Kongsberg Maritime has been perfecting propulsion for navies for more than 80 years. With an extensive range of propulsors on the market, the company can supply propulsion for all types of naval platform, from fast, agile patrol craft to large aircraft carriers.

The foundation for the success of our naval propulsion range is the Kongsberg Hydrodynamic Research Centre (HRC) in Kristinehamn, Sweden, on the shores of Lake Vänern.

The HRC is one of the world’s leading marine research facilities, specialising in the development of marine propulsion systems including the design and testing of propellers and waterjets.

Patrik Kron, our Chief of Naval Systems
Patrik Kron, Chief of Naval Systems - Kongsberg Maritime

Patrik Kron, our Chief of Naval Systems, explains how this unique research facility continues to play a key role in developing bespoke propulsion solutions to 70 navies worldwide.

The Kongsberg Hydrodynamic Research Centre (HRC) puts us at the forefront of marine technology research and makes a significant contribution to the efficiency and mission-critical performance of many of the world’s navies.

The HRC features two cavitation test tunnels, where water is circulated to assess the performance of a ship’s propulsion system. The tunnels simulate a wide range of vessel operating conditions, replicating different sea parameters, water flows and situations for the propulsor.

We are unique in that we are the only propulsion manufacturer to have our own in-house research facility. This gives us a number of advantages that are popular with commercial and naval customers alike. We can take close control of the full testing regime, we can react quickly to design changes and it gives us an additional form of verification.

Propellers are designed to suit specific ships and operating conditions, and are tested in our HRC

We have developed, tested and delivered more than 1,500 propeller designs for commercial, governmental and military vessels. Our engineers develop propeller designs digitally using the latest computational fluid dynamics (CFD) technology. Such is the computing power available at the HRC, propellers can be modelled in minute detail and in combination with the hull form and operating profile of any ship. We also create scale models of propellers, which are tested in the tunnels, and this gives extra validation on the performance of new designs. 

Depending on the results of these tests, propeller profiles can be altered and refined to give optimum designs suited to specific vessels and operating conditions.

Each navy has its own distinct requirements and while we can draw on a huge amount of data, the propellers we produce for navies are bespoke items and not off-the-shelf solutions as is sometimes the case in the commercial shipping environment.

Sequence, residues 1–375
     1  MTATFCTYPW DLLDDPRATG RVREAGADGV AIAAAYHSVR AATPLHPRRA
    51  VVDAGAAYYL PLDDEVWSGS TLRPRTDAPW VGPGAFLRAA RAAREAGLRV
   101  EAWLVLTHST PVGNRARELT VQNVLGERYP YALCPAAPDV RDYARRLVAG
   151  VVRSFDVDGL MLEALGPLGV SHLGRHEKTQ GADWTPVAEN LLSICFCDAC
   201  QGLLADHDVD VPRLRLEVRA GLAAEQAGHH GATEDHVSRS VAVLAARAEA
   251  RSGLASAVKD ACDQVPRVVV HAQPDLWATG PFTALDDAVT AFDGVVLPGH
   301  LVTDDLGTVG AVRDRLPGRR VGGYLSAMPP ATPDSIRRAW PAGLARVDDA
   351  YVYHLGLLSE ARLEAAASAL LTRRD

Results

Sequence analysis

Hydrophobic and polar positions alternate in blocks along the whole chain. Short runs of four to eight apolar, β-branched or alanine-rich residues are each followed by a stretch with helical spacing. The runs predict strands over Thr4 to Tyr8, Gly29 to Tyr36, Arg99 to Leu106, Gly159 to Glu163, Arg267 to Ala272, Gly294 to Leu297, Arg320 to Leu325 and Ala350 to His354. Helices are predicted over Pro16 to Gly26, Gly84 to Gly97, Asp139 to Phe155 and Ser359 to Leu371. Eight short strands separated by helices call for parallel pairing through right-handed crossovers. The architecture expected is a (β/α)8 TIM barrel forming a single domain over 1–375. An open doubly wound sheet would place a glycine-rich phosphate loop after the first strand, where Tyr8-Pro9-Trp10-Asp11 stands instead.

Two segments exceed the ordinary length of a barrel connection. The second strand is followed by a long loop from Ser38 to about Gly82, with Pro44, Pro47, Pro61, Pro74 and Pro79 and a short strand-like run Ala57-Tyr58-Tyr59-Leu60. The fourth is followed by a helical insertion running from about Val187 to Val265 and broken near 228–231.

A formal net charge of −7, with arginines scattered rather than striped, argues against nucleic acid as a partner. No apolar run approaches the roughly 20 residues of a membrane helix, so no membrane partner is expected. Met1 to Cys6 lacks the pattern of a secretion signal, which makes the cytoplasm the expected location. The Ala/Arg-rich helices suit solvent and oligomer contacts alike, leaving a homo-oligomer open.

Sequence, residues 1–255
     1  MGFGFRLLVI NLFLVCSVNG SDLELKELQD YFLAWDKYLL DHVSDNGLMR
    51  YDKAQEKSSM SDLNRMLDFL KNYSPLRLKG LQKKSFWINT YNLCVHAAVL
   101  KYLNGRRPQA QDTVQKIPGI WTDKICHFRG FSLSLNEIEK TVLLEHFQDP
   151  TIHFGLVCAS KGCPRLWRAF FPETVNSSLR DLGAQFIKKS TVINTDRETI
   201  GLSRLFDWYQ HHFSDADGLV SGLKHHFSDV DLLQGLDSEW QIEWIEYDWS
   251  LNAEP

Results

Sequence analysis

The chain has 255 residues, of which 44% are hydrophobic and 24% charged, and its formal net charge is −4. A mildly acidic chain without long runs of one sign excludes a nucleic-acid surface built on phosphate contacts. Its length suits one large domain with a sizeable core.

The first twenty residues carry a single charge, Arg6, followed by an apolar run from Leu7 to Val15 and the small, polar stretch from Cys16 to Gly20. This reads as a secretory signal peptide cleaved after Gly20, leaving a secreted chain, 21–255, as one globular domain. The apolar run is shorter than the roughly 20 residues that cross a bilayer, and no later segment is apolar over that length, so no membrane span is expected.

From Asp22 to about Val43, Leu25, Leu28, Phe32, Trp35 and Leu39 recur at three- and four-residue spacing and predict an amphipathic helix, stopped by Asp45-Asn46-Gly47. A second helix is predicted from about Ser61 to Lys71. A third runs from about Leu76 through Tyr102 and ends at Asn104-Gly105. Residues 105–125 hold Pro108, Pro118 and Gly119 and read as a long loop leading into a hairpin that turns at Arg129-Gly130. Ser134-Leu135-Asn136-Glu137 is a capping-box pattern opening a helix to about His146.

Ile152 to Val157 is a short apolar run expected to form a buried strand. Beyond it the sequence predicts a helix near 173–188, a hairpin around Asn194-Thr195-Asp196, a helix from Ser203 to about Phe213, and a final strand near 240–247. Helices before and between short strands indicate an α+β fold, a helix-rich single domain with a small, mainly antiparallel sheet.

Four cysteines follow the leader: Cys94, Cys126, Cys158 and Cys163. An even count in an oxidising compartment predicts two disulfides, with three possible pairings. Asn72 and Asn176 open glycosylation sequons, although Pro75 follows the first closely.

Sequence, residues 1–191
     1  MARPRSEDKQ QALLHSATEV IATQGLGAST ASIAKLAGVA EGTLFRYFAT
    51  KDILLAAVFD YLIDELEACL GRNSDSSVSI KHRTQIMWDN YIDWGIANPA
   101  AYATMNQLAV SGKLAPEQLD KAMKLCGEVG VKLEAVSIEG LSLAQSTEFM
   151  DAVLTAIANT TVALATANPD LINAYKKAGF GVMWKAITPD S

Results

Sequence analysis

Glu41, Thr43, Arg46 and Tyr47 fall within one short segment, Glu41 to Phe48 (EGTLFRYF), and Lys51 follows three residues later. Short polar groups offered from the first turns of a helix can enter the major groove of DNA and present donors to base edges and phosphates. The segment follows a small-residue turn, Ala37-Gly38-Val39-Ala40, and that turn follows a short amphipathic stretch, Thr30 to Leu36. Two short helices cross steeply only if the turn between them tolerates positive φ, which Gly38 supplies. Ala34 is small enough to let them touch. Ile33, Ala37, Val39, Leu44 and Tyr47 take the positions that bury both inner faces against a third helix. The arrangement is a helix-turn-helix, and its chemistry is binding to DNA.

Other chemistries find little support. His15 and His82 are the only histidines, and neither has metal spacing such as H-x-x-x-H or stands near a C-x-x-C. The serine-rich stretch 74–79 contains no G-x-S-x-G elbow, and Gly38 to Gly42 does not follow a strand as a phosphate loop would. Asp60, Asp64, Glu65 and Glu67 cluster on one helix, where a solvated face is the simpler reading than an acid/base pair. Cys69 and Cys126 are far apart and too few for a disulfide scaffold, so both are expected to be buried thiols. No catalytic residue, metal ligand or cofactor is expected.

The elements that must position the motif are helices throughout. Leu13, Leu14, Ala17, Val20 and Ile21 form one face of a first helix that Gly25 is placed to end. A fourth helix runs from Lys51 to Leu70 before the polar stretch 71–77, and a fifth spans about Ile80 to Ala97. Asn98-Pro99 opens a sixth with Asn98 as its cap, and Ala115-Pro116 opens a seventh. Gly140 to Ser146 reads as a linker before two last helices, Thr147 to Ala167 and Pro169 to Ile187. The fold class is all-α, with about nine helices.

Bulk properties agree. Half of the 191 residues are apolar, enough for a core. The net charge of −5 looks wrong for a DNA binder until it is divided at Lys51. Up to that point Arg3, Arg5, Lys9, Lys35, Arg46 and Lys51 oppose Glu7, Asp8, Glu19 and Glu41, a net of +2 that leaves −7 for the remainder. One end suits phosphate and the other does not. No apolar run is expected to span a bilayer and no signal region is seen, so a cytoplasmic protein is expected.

The propeller design is adapted to the size of the ship, its speed, noise and vibration requirements and whether it needs to be able to go through ice. For navies, the sound signature of the propulsion system can be a key factor, as can the speed requirements. Often, there is a need to finely balance these requirements and we work closely with our naval customers to develop propellers that match their specific mission requirements. 

Fuel efficiency is also becoming a more important issue for navies, more so than it was just a few years ago. We can learn from the work we’ve done in commercial shipping, where fuel cost reduction is a priority, and small changes to propeller designs and operating profiles can bring relatively quick savings. For navies, any fuel saving translates into a key capability – range extension. Our Promas propulsion system (see pages 22 and 23) is a great example of where a product with more than 200 references in commercial shipping can bring benefits for certain naval platforms.  

Ice-class expertise

One recent example of how we draw on decades of research and operational experience to create a propeller design to suit a navy’s requirements is the Finnish Navy Pohjanmaa-class corvette programme. Part of the country’s Squadron 2020 project, each of these four ships will feature Kongsberg Maritime controllable pitch propellers and shaftlines. 

For any ship operating in the Northern Hemisphere, and particularly the Arctic, its ‘high-ice’ capability is a crucial factor. We have supplied ice-class propellers to a range of vessels in the commercial and governmental sectors. These include bulk cargo, offshore, coastguard and research vessels, and those years of knowledge and a wealth of operational data helped to design a bespoke solution suited to the Finnish Navy’s exact requirements.